2nd UK Network Science Workshop
26 October 2018 (Fri) @ University of Greenwich
Aim of the workshop
The main aim of the Workshop is to bring together people working and interested in Network Science, and to continue building a strong and diverse community that can facilitate research collaborations, funding applications, and job searches.
The workshop is organised around four talks by eminent academic researchers in the field, that will speak about a range of topics relevant to network science and its applications, and two invited talks by researchers in industry and the public sector, that will showcase the use of network science outside academia.
A special session of the workshop will be dedicated to presentations of current research by PhD students in network science, in the form of lightening talks (3-5 minutes each).
If you are a PhD student willing to showcase your exciting research in network science and its applications, just send a proposed title and a short abstract (two/three sentences) to firstname.lastname@example.org by October 20th.
Programme up to date on 19 October 2018.
10:00-10:25 Registration, coffee and tea
Invited Academic Talks
10:30-11:00 Naoki Masuda (University of Bristol), A configuration model for correlation matrices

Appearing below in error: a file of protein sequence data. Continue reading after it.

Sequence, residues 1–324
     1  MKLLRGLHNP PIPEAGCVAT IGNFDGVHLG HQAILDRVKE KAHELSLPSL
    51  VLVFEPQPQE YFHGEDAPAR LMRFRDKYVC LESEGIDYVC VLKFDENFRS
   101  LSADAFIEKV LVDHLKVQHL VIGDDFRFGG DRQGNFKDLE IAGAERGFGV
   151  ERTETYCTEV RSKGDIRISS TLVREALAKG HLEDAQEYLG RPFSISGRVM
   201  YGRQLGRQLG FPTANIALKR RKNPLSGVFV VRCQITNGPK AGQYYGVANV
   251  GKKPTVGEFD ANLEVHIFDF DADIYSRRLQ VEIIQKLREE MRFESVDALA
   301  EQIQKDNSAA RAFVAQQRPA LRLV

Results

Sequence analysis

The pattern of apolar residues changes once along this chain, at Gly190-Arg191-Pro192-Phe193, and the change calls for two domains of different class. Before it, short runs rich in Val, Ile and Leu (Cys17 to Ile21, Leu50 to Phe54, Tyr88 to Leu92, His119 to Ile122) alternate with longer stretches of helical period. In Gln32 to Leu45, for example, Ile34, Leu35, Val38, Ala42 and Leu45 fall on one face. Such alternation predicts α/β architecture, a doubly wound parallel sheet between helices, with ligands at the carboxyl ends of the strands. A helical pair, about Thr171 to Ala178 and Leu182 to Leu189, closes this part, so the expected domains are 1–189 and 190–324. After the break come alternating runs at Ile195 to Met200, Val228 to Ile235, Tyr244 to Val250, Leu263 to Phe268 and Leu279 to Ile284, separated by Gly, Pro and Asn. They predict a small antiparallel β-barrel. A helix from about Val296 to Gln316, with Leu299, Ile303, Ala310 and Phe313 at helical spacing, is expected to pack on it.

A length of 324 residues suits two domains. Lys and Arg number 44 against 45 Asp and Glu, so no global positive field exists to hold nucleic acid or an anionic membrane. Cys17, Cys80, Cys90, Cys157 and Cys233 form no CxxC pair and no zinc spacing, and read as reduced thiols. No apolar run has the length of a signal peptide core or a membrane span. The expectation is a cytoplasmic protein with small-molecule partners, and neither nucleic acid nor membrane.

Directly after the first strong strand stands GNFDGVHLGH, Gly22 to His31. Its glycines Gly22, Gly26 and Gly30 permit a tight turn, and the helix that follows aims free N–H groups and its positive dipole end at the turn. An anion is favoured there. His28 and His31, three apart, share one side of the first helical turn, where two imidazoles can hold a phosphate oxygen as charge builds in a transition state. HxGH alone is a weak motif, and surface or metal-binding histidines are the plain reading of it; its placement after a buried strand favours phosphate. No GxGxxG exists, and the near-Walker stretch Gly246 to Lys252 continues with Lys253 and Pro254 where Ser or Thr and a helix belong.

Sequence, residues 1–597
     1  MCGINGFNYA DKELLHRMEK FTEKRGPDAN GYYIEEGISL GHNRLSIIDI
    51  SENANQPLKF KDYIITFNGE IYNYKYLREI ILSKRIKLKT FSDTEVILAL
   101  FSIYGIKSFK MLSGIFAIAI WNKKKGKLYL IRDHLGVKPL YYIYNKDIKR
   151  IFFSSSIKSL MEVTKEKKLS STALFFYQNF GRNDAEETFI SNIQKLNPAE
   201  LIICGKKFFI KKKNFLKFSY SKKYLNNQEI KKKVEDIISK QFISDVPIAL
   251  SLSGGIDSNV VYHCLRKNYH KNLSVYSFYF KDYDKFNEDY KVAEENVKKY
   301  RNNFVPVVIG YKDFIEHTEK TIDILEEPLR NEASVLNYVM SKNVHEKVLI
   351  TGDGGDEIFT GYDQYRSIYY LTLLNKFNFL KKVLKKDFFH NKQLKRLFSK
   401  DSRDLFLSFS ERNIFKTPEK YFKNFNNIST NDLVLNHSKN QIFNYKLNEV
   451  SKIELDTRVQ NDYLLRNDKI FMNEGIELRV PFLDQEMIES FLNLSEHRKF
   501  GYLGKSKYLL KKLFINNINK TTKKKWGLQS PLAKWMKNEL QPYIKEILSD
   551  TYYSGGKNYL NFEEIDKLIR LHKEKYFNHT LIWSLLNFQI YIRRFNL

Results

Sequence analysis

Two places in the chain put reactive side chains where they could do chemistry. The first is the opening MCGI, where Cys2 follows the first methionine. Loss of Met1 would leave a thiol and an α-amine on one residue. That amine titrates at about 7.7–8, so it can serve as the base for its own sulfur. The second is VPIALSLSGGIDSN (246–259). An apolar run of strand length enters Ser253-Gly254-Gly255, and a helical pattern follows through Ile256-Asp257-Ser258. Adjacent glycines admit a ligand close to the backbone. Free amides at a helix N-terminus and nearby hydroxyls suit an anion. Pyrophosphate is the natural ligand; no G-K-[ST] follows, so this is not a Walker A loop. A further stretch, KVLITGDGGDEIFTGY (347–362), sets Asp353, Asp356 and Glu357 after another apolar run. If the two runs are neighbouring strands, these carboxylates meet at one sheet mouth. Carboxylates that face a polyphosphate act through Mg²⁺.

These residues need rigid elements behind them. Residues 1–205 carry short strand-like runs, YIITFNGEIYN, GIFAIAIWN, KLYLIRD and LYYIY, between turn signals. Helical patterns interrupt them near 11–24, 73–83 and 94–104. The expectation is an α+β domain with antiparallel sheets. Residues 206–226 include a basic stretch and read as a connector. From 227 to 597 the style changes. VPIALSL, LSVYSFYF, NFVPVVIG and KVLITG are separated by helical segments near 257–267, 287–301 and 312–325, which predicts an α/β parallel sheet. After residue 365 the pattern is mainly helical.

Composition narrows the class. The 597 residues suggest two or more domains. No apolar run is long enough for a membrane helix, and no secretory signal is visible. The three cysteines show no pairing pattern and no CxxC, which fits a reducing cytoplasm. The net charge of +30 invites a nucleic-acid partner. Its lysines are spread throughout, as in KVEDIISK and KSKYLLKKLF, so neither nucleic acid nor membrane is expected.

11:00-11:30 Ginestra Bianconi (Queen Mary University of London), Multilayer Networks
11:30-12:00 Coffee break
12:00-12:30 Andrea Baronchelli (City University of London), The Dynamics of Social Norms
12:30-13:00 Elsa Arcaute (UCL), Hierarchical organization of firms in London before and after the financial crash
14:30-15:30 PhD Lightning Talks
A. Ramadiah (UCL), Evaluating the performance of network models of contagion due to overlapping portfolios
B. Chen (Imperial), Analysis of the Wikipedia Network of Mathematicians
F. Herrerias-Azcue (Uni. of Manchester), Stirring does not make populations well mixed: The effect of motion on fixation prob.
A. Messager (Uni. of Sussex), Functional topology inference from network event
M. Falkenberg (Imperial), Measuring Preferential Attachment in Real Networks: False Assumptions and Misleading Conclusions
I. Iacopini (Queen Mary Uni. London), High-order models of social contagion
A. Santoro (Queen Mary Uni. London), Information-theoretic complexity of multiplex networks
Y. Qian (Queen Mary Uni. London), Geometric deep learning with graphs
M. Garrod (Imperial), Modeling Unobserved Social Networks with Soft Random Geometric Graphs
A. Yehia (City Uni.), Evolutionary dynamics of the cryptocurrecy market
I. P. Bilgin (Reading Uni.), Resilience of Time-varying Functional Brain Networks of Semantic Information Processing
15:30-16:00 Coffee break
Invited Industry/Government Talks
16:00-16:30 Luca M. Aiello (Nokia Bell Labs), The Science of Social Interactions
16:30-17:00 Nicky Zachariou (Government Digital Service), Gov.uk Networks
17:00 Closing and Pub
Venue: Hamilton House, Room HH103
SE10 9LZ London, United Kingdom
Talk Abstracts (optional)